Obviously, Cameron was going to sink or swim with this project, but couldn't he have subsumed his world-class ego for one second and given the writing assignment to somebody with an imagination?
This movie is long. I mean long like the Nile, long like a Bill Clinton speech, long like a trek across the Outback, long like John Holmes.
A three-hour-and-fifteen-minute movie does not speak well to director James Cameron's intelligence. Not only did he spend two hundred million dollars on a film with a predictable ending (though you know that some producer suggested Arnold Schwarzenegger beat the crap out of the iceberg and save the day), but he made it so long that theaters can only show it three times a day instead of four. This significantly increases the chances Cameron will succumb to the "curse of the water picture," lose money and have people call him an idiot.
If they don't call him an idiot for his expenditure, they'll surely call him one for his writing. Obviously, Cameron was going to sink or swim with this project, but couldn't he have subsumed his world-class ego for one second and given the writing assignment to somebody with an imagination? His clever story features a poor boy, Jack Dawson (Leonardo DiCaprio), sneaking onto the Titanic, then falling in love with the aristocratic, soon-to-be-wed, Rose (Kate Winslet). Naturally, none of Rose's family or friends wants that to happen, so the clandestine couple spends the entire trip avoiding people. Pardon me, but was that plagiarized from "Wings of the Dove" or "Out to Sea?"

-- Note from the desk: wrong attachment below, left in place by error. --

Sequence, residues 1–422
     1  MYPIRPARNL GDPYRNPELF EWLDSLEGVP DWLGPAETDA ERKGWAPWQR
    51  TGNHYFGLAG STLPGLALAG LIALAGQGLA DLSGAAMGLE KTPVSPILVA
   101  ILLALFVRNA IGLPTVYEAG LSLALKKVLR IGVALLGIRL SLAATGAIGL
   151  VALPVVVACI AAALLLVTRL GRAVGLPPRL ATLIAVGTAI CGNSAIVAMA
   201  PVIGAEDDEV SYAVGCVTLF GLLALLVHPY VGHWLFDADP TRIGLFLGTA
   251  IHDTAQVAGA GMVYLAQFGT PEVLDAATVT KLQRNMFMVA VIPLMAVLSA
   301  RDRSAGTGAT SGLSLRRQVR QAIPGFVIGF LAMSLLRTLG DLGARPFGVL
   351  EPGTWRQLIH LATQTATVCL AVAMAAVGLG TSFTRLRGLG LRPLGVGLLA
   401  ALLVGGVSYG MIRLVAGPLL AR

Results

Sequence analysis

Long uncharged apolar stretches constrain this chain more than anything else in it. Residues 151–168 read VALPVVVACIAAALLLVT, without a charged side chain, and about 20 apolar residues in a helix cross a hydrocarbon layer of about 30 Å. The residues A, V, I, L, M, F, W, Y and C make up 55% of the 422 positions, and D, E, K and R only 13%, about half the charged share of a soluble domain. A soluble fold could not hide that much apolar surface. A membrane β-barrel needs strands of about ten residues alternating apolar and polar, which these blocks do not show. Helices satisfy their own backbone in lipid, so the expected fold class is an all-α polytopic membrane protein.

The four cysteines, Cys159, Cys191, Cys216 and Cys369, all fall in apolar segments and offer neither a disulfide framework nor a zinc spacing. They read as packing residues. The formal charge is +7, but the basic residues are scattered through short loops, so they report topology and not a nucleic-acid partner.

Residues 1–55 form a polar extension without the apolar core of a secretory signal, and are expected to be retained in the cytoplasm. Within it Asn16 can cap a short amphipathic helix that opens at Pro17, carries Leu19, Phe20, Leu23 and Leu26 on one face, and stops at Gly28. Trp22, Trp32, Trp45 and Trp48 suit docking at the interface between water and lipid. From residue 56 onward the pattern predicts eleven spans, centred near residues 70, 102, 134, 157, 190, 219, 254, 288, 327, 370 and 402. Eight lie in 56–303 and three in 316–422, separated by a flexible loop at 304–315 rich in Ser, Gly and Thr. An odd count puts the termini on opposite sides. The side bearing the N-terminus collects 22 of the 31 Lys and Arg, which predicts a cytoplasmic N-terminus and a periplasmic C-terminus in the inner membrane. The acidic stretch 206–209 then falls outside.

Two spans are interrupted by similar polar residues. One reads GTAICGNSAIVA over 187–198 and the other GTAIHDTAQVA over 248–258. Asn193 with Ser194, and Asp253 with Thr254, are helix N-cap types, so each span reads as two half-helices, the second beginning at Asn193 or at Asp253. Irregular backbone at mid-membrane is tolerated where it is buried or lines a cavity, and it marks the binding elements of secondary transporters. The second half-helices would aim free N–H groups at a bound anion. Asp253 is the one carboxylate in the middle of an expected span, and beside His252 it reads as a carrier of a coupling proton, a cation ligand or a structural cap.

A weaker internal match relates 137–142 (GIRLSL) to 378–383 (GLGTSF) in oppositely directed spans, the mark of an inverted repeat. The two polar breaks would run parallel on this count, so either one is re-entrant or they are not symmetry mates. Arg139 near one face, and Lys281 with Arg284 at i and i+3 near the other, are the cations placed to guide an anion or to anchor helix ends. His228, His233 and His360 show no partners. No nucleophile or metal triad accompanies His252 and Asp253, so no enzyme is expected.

Cameron had a titanium camera housing designed so he could film inside the actual wreckage of the Titanic, thereby necessitating an extraneous storyline involving a treasure hunter (Bill Paxton) poking around the wreckage. Cameron flashes back to the main story when Paxton finds the elderly Rose (Gloria Stuart), who has survived the disaster. If suspense were nickels, Cameron's epic would earn him little more than a hot, steaming cup of 1912 coffee.
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